Top Questions About Soil Problems

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Questions About Soil Problems

Asked by
Jerseyskies on
June 12, 2019
21918

Q. I just opened my potting soil and it’s full of tiny flies and ants with eggs, I don’t know what to do.

Please help

Answered by
GKH_Susan on
June 12, 2019
Certified Expert
A.

I would take it back to wherever you purchased it no matter how long ago.

If you had opened it earlier and partially used it and the critters entered that way, I would just dump it all out somewhere far away in the backyard.

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Asked by
Welovejc2 on
June 16, 2019
64068
Answered by
Downtoearthdigs on
June 17, 2019
Certified Expert
A.

I would start with a soil test; this will give you information on possible amendments that your soil needs.
Your County Extension Office can help you with this and it generally only cost a few dollars.
https://www.gardeningknowhow.com/extension-search
Then I would make a list of plants you would like to grow and then start a bit of research on these plants and what their needs are.
Try to start with a few vegetable plants; don't overwhelm yourself with too many varieties all at once!
Consider gardening with raised beds! A great way to control your soil and nutrients!
Even container gardening is a great way to get started!

I'm listing some articles to help you get started!

https://www.gardeningknowhow.com/garden-how-to/soil-fertilizers/testing-soil.htm
https://www.gardeningknowhow.com/edible/vegetables/vgen/vegetable-gardening-for-beginners.htm
https://www.gardeningknowhow.com/category/edible/vegetables/vgen
https://www.gardeningknowhow.com/edible/vegetables/vgen/raised-vegetable-gardens.htm
https://www.gardeningknowhow.com/edible/vegetables/vgen/quick-guide-to-container-vegetable-gardening.htm
Good luck!

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Asked by
Anonymous on
June 21, 2019

Q. Ph soil test said I have too much phosphorus in my soil…I applied cow manure….

I can’t get foliar zinc and iron. Is there anything else I can use.

Answered by
Downtoearthdigs on
June 21, 2019
Certified Expert
A.

Avoid adding manure as fertilizer. Manure is typically high in phosphorous and can quickly lead to a spike in phosphorous levels.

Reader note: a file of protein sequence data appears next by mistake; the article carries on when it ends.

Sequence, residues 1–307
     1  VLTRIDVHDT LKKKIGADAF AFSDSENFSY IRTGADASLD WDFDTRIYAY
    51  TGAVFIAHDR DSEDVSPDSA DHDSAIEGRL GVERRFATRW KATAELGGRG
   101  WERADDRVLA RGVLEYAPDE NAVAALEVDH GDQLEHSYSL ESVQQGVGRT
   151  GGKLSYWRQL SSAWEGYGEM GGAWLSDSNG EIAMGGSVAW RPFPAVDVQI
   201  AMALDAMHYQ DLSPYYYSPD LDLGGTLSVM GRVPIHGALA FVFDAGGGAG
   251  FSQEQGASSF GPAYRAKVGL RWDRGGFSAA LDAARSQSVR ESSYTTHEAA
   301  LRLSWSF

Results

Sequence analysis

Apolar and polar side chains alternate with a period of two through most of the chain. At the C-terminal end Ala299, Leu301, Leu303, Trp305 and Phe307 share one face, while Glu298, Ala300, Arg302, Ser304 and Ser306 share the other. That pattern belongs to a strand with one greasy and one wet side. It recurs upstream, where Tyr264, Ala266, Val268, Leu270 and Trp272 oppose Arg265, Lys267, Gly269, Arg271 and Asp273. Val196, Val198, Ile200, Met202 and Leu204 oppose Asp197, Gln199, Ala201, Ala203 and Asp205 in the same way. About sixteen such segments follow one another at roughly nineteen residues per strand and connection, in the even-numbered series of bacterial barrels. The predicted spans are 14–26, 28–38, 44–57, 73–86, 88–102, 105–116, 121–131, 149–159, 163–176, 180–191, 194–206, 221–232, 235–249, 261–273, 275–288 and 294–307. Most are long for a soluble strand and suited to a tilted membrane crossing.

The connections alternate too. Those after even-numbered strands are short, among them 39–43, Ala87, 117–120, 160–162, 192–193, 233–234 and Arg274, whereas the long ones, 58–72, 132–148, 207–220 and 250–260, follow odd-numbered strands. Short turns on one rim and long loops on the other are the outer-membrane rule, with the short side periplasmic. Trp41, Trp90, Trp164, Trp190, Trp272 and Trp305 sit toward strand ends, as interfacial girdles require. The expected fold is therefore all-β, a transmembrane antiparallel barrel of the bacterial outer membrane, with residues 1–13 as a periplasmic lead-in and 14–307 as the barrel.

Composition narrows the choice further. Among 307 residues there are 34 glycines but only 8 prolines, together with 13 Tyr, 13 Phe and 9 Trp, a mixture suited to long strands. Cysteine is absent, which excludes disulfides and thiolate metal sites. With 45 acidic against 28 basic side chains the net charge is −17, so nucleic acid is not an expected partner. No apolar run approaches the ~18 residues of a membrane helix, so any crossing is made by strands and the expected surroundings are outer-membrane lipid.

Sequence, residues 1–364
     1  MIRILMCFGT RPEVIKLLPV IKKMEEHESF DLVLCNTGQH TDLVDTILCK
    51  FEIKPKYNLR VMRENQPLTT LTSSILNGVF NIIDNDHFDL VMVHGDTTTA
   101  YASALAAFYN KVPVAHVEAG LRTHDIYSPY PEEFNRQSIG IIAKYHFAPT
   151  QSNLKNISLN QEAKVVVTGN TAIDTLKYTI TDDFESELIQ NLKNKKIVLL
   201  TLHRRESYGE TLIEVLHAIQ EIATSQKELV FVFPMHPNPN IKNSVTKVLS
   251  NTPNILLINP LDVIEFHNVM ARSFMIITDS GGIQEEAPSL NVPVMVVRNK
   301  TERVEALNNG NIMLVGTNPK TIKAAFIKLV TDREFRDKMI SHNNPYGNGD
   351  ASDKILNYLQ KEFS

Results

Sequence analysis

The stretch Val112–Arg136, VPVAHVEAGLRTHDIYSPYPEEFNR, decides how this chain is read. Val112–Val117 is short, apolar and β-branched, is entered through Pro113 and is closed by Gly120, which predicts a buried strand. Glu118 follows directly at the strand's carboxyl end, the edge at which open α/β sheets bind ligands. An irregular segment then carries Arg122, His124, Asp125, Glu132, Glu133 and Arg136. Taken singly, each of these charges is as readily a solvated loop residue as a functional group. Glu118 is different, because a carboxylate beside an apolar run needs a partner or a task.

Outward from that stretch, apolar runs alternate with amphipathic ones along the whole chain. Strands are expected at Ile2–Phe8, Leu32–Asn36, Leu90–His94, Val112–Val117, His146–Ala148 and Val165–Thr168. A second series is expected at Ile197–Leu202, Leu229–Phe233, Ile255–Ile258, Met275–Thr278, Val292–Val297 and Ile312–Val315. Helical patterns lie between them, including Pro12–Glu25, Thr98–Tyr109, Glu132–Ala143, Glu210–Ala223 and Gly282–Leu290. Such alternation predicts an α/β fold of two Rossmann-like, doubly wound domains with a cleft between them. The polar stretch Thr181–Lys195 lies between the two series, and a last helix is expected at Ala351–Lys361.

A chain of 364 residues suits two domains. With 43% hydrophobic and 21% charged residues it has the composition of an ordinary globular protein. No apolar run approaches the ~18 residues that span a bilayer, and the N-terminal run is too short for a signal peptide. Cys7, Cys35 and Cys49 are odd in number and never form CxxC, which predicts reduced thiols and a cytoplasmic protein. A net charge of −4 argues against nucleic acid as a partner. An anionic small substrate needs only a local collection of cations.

Add phosphorous-free fertilizer. All fertilizers contain a string of numbers that follow this format: "X-X-X." The first number is nitrogen, the second phosphorous and the third potassium. Phosphorous-free fertilizers will always have a "0" in the second column.
Mix a spray that contains water with 1 percent foliar zinc and iron, then applying that spray to plants every week if phosphorous levels are excessively high. You may apply it every four weeks if phosphorous levels are slightly high. Soils with 300 parts per million phosphorous will take up to five years to go back to acceptable levels.
Have your extension service explain your soil test to you.
https://www.gardeningknowhow.com/extension-search
https://www.gardeningknowhow.com/garden-how-to/soil-fertilizers/zinc-and-plant-growth.htm

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Asked by
highlyrounded on
July 19, 2019
Lebanon, Beirut

Q. My brown soil is often hard and dry

It kind of looks like this https://d2gg9evh47fn9z.cloudfront.net/800px_COLOURBOX7969904.jpg but without the many cracks. I always try to place my finger in the soil to check if it’s moist, but in the case of this soil, it’s always dry and hard. Everyday. Even though I live in Lebanon where the climate is humid and hot (30 degrees celsius). In fact, yesterday I tried place my finger inside the soil, but I couldn’t. And my finger was cut because of the excessive force I tried to use. Also, I place this soil in medium sized pots like these https://d2gg9evh47fn9z.cloudfront.net/800px_COLOURBOX7969904.jpg . But I never notice the water going down the drainage holes for these pots. Is this normal? Is this soil not good for plant growth? Is there a way to make it usable?

Answered by
BushDoctor on
July 19, 2019
Certified Expert
A.

It is always best to use pictures of your own soil, because those cracks help to indicate exactly what the soil consists of. This will determine what amounts of things you will need to add to make the soil usable. Still it is best to avoid clay soils in container.